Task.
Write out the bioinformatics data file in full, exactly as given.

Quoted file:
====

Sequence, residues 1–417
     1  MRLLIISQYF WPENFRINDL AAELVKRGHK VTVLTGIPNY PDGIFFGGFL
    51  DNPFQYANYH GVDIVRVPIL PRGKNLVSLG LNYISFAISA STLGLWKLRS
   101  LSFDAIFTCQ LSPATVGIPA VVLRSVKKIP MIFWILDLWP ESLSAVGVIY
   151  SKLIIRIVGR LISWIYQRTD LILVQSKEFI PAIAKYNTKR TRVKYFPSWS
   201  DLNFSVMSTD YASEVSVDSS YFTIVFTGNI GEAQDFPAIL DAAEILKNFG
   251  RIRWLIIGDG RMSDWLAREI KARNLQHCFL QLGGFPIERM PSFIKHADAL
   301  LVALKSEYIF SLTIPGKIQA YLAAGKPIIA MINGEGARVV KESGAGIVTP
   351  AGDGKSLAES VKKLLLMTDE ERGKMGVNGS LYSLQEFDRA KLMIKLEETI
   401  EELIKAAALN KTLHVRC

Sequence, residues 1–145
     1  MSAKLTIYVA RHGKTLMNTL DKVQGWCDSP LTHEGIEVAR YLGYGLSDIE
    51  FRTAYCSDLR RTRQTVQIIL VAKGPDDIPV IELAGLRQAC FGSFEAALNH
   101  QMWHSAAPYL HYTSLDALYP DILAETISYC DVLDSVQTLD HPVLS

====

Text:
Sequence, residues 1–417
     1  MRLLIISQYF WPENFRINDL AAELVKRGHK VTVLTGIPNY PDGIFFGGFL
    51  DNPFQYANYH GVDIVRVPIL PRGKNLVSLG LNYISFAISA STLGLWKLRS
   101  LSFDAIFTCQ LSPATVGIPA VVLRSVKKIP MIFWILDLWP ESLSAVGVIY
   151  SKLIIRIVGR LISWIYQRTD LILVQSKEFI PAIAKYNTKR TRVKYFPSWS
   201  DLNFSVMSTD YASEVSVDSS YFTIVFTGNI GEAQDFPAIL DAAEILKNFG
   251  RIRWLIIGDG RMSDWLAREI KARNLQHCFL QLGGFPIERM PSFIKHADAL
   301  LVALKSEYIF SLTIPGKIQA YLAAGKPIIA MINGEGARVV KESGAGIVTP
   351  AGDGKSLAES VKKLLLMTDE ERGKMGVNGS LYSLQEFDRA KLMIKLEETI
   401  EELIKAAALN KTLHVRC

Sequence, residues 1–145
     1  MSAKLTIYVA RHGKTLMNTL DKVQGWCDSP LTHEGIEVAR YLGYGLSDIE
    51  FRTAYCSDLR RTRQTVQIIL VAKGPDDIPV IELAGLRQAC FGSFEAALNH
   101  QMWHSAAPYL HYTSLDALYP DILAETISYC DVLDSVQTLD HPVLS